|Black-headed Gull Larus ridibundus|
Saturday 28 August
Two early morning walks up the Hamble River at very low tide from the start at Southampton Water finally produced a combined total of 24 species. Whereas yesterday, Friday, was a beautiful, clear and sunny stat at 8am, today a little more cloud at 7.45 which masked the early sun plus a cold breeze from the east. Good job I had exchanged yesterday's sleeveless for a jumper! Overall, there seemed to be more bids about yesterday including juvenile Shelduck and half-dozen Rock Doves. On the other hand, this morning produce the other 16 species plus a single Lapwing, Oystercatchers, the handful of Jackdaw, a flock of Teal rather than a pair and late Collared Dove and Magpie, the last as I approached our new home close to the shore.
|A group of Black-tailed Godwits Limosa limosa|
Whereas on both walks there were numerous Black-headed Gulls from the off, yesterday I started with a score of Turnstone on the first stretch of muddy beach whilst today the smart waders were fewer and more spread out. But the Black-tailed Godwits were out in numbers again but probably more widely spread along my two-kilometre walk up stream. Today an early Greenshank followed by another pair later in the walk. Lots of Redshank gathered at the water's edge and, again, plenty of Ringed Plovers.
|Greenshank Tringa nebularia|
Just the one Whimbrel and fewer Curlew to be soon. Whilst pondering that though I heard the plainful cry of a departing Oystercatcher and soon found another. The first of two Heron was resting near the far end of the Warsash to Hamble ferry landing strip and, at the same time, a Wood Pigeon took off from the path in front of me and a trio of Starling flew in to forage on the weeded shore.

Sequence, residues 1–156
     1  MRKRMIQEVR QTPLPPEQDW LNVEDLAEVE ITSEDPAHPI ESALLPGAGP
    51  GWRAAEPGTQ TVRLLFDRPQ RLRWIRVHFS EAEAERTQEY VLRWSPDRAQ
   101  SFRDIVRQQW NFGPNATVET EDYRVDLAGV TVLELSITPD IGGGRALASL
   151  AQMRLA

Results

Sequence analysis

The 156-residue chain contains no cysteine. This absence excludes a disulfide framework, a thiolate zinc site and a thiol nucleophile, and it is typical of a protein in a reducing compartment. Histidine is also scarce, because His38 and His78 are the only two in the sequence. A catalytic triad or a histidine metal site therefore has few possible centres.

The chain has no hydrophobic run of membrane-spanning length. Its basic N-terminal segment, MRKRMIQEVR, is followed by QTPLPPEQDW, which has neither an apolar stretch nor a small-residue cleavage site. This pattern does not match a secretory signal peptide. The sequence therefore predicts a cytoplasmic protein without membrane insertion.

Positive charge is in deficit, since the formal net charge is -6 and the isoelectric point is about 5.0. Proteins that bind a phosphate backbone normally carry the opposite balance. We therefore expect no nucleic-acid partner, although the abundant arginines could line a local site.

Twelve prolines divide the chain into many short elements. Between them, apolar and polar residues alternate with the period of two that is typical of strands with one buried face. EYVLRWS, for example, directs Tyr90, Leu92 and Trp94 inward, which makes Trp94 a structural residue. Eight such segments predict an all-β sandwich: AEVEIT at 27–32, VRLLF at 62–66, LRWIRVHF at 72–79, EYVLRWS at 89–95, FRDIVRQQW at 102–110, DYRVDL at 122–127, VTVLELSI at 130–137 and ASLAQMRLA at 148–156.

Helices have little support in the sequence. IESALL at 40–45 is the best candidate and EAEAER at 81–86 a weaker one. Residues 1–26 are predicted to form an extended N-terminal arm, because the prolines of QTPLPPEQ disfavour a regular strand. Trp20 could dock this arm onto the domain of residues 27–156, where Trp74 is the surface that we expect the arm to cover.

|Distant Curlew Numenius arquata|
Continuing on I soon found another Curlew followed by the first Little Egret of the morning. A pair of Carrion Crows were scavenging on the beach to me left whilst on the wet meadow to the right a couple of Herring Gulls resting near the many Black-headed Gulls.
|Herring Gull Larus argentatus|
Very little on the protected roosting /nesting area on the right other than a second Little Egret and a Redshank but up returning to the site less than ten minutes later as I made my way back a dozen Teal had arrive - but no juvenile Shelduck on this occasion.
|Little Egret Egretta garzetta|
Checking the area at the back of this stretch of wet meadow I found a single Lapwing and to the side of the channel both a half-dozen Jackdaw and couple of Carrion Crow. All the outward species were recorded on the return walk along with another couple of Pied Wagtail. In the trees at the back near the large houses a Collared Dove was calling and, finally, approaching the road and home a single Magpie.
|"Tatty looking" Carrion Crow Corvus corone|
Shelduck, Teal, Little Egret, Heron, Oystercatcher, Ringed Plover, Lapwing, Dunlin, Black-tailed Godwit, Whimbrel, Curlew, Greenshank, Redshank, Turnstone, Black-headed Gull, Herring Gull, Rock Dove, Wood Pigeon, Collared Dove, Pied Wagtail, Magpie, Jackdaw, Carrion Crow, Starling.
|Black-tailed Godwits Limosa limosa|
|Whimbrel Numenius phaeopus|
|Heron Ardea cinerea|
|Turnstone Arenaria interpres|
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